The Speciality & Fine Food Fair touts wellness and sustainability achievements

Earlier this week I attended this year’s Speciality & Fine Food Fair at Olympia, London. It was once again hosted in the beautiful West London venue, with an arching glass roof over a moderate sized ground floor, and an upper level which wraps around the building, balcony-style, and overlooks the other part of the show floor below.

There were ample exhibitors from across the speciality food and beverage sphere, from chocolate, cheese, spirits, and of course a sprinkling of speciality tea and coffee companies.

The ground floor was largely made up of more established companies, such as the English Tea Shop, a partner of the event, which, like almost all the companies exhibiting, had samples on hand for inquisitive visitors. Venturing upstairs I came across a couple of coffee roasters: Wales-based Bay Coffee Roasters had a great selection of its coffees on display, including project specific blends and roasts, and Rounton Coffee Roasters, who were sporting recent Great Taste Awards for six of its specialty coffee products, including two stars for Sparkling Water Decaf Coffee and Colombian Wilton Benitez Pink Bourbon Coffee.

It was also a pleasure to meet some of the many smaller, newer companies at the show many of which were part of The Start-Up Village, comprising companies trading under two years. QuirkyMonkey was launched only in November 2022, and came to the Speciality & Fine Food Fair to display its nootropic mushroom coffees, as well as its recently introduced mushroom hot chocolate. Darwin Fletcher, QuirkyMonkey’s founder, developed the idea for the company after discovering how nootropic drinks could support his focus throughout the day with his neurodiversity. The show presented a great opportunity for new companies, such as QuirkyMonkey, to place themselves in front of possible buyers and collaborators.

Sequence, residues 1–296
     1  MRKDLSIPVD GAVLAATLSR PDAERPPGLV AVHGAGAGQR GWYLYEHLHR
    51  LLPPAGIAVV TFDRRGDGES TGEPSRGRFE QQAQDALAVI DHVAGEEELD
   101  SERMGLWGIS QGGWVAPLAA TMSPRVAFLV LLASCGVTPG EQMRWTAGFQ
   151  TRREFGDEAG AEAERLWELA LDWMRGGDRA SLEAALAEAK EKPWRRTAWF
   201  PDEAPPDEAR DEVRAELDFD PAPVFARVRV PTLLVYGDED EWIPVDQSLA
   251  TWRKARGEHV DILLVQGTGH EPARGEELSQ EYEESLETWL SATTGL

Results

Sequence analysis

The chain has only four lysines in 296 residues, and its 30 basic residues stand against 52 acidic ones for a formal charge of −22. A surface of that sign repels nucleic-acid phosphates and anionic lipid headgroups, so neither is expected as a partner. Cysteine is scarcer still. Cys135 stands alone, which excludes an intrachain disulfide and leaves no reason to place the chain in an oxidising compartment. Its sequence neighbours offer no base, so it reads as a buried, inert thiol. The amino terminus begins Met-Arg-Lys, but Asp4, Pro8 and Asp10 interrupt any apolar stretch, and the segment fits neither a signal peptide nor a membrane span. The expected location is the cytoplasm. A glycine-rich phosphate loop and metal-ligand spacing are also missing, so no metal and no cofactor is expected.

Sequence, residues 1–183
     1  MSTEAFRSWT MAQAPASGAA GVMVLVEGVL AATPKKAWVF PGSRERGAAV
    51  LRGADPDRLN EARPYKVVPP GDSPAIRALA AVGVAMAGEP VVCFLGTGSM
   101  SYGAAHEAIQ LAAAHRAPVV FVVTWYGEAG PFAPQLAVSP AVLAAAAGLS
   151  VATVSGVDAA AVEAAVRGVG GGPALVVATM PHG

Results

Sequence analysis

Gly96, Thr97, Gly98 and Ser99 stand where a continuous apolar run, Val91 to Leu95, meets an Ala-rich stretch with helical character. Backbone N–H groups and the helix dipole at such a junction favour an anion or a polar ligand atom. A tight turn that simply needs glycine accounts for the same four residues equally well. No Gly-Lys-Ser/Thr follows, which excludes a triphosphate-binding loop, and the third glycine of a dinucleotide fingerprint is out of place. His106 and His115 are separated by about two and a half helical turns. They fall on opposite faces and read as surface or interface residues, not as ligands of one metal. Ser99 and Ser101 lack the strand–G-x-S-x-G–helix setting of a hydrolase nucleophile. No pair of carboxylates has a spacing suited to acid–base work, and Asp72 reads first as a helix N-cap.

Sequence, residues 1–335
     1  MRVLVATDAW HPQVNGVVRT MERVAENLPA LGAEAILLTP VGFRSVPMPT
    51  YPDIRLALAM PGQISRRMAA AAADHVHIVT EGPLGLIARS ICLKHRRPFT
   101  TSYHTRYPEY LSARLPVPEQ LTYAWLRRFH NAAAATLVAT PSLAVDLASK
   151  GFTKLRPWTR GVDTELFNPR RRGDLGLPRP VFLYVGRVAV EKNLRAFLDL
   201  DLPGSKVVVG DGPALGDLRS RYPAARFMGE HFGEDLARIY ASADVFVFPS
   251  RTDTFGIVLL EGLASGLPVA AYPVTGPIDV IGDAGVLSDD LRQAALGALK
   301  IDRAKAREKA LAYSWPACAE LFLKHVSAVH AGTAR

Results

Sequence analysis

There was certainly a theme of health benefits and functionality at the show, and not just across tea and coffee. Functionality, sustainability and ethical production seem to be a necessity for specialty products, as customers are seeking more from their purchases than just a great taste; if they are going to pay that bit extra, they want the extra benefits, whether that be to their health or to the environment. Consumers want to feel that they are using their money for a good cause, and specialty producers are rising to meet this demand, with a tide of Fairtrade, organic, and B-Corp certifications flooding the packaging, and frequently more wellness claims of improved sleep or mood, calmness, better digestion and pretty much anything else you could want.

While some more budget and commercial products may still be able to get away with dodging sustainability pressures for now, as they have the price point advantage, consumers seeking more premium and specialty products do not withhold such demands from their purchasing choices. The array of projects and efforts on display at the Speciality & Fine Food Fair were a credit to this.

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